OPINION — Whether it is a micronation that seeks independence from a real country, or one that simply desires to simulate the workings of a real country as a hobby, it is common onto both models to seek the development of a unique cultural identity. Often this is through the creation of a unique flag, coat of arms, settlement names, etc. In thriving for that unique identity, some also seek to create their own unique religion, or at least establish their own interpretation of an extant mainstream religion, as a means of solidifying that identity.
Such an undertaking, I think, provides a unique glimpse, focused within this small microcosm of the Internet, into the motivations of those individuals who, throughout human history, have created the religious dogmas that have taken hold of billions of human minds.
In the near-fourteen years that I have participated in micronationalism, I have been fortunate enough to observe all the spectrums that this dynamic community has to offer, or at the very least, the Anglophone sector. I’ve watched as dozens of micronations seek to create their own religions over the years, though as an atheist I have never directly dabbled in such mystical undertakings. Yet, I cannot help but be intrigued by how religious development in micronationalism has been motivated. In a community of only hundreds, largely isolated from one-another except for a digital medium, the undertones that have led to the creation of the wide range of religious dogma through human history is no less evident. It’s fascinating, I think, whether your opinion about the nature of the universe is derived from mysticism or science.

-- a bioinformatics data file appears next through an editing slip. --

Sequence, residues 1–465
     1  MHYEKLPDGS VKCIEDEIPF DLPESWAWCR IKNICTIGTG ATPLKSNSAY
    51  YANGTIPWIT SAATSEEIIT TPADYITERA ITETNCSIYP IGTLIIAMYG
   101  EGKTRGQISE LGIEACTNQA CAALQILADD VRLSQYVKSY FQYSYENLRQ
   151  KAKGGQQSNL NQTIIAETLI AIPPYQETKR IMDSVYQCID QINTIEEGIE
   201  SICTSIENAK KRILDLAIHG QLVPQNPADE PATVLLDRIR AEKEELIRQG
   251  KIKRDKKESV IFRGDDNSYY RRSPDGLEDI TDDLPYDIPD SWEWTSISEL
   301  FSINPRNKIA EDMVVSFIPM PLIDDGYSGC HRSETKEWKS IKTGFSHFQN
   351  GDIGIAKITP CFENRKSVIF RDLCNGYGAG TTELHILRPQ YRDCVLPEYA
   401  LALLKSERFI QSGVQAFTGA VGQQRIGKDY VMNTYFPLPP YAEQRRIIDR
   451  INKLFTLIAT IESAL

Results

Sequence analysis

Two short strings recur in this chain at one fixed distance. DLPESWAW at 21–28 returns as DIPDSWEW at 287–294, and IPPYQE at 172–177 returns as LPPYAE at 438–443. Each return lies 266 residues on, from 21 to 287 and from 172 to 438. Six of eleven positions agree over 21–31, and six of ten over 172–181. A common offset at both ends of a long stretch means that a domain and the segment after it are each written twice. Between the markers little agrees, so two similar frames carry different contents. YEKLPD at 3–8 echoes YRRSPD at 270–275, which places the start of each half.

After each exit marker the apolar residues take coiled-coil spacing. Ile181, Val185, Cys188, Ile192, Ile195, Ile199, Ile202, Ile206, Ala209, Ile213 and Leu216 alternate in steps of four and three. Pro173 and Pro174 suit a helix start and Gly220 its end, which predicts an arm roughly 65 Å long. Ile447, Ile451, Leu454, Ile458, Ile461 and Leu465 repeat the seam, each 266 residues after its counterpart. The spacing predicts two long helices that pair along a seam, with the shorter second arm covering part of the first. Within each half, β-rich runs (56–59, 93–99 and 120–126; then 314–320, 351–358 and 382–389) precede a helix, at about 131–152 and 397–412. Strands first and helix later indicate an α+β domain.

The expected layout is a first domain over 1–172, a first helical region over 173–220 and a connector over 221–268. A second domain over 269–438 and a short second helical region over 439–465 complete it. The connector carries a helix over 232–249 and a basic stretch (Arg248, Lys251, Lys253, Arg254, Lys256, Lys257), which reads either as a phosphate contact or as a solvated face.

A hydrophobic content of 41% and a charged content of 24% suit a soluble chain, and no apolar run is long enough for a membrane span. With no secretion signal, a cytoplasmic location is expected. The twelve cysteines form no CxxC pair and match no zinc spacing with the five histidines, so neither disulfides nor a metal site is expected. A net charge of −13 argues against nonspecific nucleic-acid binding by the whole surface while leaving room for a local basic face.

Perhaps the most fundamental motivation for founding a religion in this community that I’ve observed has been the individual (or group of individuals) dissatisfaction with the dogma or management decisions of existing major religions. This dissatisfaction has invariably been directed toward the Christian religions in the Anglophone sector, as most participants were largely encoded into those sects by their respective parents.
In micronationalism, it’s never hard to find a person who thinks that he or she can “do it right”, “do it better” or otherwise believes he or she already does everything both right and better. This personality trait, along with the festering dissatisfaction, invariably leads some micronationalists to try to “fix” the failings of their religion by founding their own version of it. Many will use their micronation as a platform to re-think or re-tool their personal religious beliefs into a religion that “gets it right.” To be fair, when you’re often comparing “getting it right” to what the Vatican’s track record is, they’re probably off to a better start. These new dogmatic beliefs are created in localized “Churches” within the micronation, with many being officially adopted as the state religion, especially when the micronation is led by the disaffected believer, as many micronations are nothing more than one’s lonely kingdom.